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The different types of business bankruptcy laws typically focus on how debt accrued from a company is either paid or forgiven. Most business bankruptcy laws may vary based on local and regional jurisdiction in the respective country, but essentially applies to an orderly handling of accumulated business debt. In the U.S., there are generally two types of business bankruptcy laws: Chapter 11 and Chapter 7. Chapter 11 bankruptcy allows a company to restructure itself while simultaneously paying off debt. In a Chapter 7, the company is absolved and debtors receive financial compensation from the sale of assets, known as liquidation.
Business bankruptcy laws determine whether or not the business meets certain qualifications for bankruptcy. To qualify for bankruptcy protection, the business is considered insolvent and unable to meet financial obligations based on the original terms of business contracts. Typically, the court appoints a trustee to ensure creditors are paid, notwithstanding each is likely to receive less money than is actually owed.
A company that is approved for a Chapter 11 bankruptcy is granted an opportunity to reorganize its financial operations while staying in business. This bankruptcy law requires that a voluntary or involuntary petition be filed in bankruptcy court. A plan is included in the petition that outlines how creditors will be paid. If the petition is approved, the company becomes known as a debtor in possession, meaning the company retains control of assets for the duration of the restructuring.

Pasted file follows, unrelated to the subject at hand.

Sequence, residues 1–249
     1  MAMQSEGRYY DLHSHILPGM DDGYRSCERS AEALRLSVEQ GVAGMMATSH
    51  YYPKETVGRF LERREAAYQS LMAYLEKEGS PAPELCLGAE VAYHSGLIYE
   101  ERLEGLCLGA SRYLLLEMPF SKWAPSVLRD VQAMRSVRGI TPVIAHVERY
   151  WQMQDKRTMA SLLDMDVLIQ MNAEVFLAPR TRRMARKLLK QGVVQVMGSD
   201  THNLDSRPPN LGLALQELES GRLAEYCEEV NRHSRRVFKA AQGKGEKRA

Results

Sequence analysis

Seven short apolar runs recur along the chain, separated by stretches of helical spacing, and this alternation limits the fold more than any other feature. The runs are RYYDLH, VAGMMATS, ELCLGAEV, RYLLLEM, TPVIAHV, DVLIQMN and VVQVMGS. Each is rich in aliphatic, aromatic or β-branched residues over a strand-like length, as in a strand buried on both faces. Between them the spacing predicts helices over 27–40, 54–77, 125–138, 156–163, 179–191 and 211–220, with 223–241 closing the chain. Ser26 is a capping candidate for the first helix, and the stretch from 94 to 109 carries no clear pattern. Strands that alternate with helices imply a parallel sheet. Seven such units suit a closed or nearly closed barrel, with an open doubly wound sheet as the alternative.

Generally, a company may also provide a disclosure statement of assets, the value of those assets and debts. This information is typically used to determine if the restructuring plan satisfies the business interests of creditors. The court may confirm whether or not to accept the reorganization plan after all creditors have had a chance to vote on the plan.
Each creditor must petition the court as having a legal claim to receive payment from the company for past due bills. Creditors are grouped into classifications based on the type of claim held with the company. The classification usually determines when the creditor is paid and how much it receives.
Business bankruptcy laws that are related to the process for a Chapter 7 filing works differently. A company is usually required to file a petition in bankruptcy court. The difference is that a Chapter 7 leads to the company closing and ceasing all business operations. The law requires the company to provide proof that it cannot meet its financial obligations without a Chapter 7 bankruptcy.
A court-appointed trustee oversees the auctioning of assets to satisfy the debts owed by the company. If the trustee is unable to pay off the debt with proceeds from the assets, the amount owed is discharged. When debts are discharged, creditors no longer have a legal recourse to collect on the debt.
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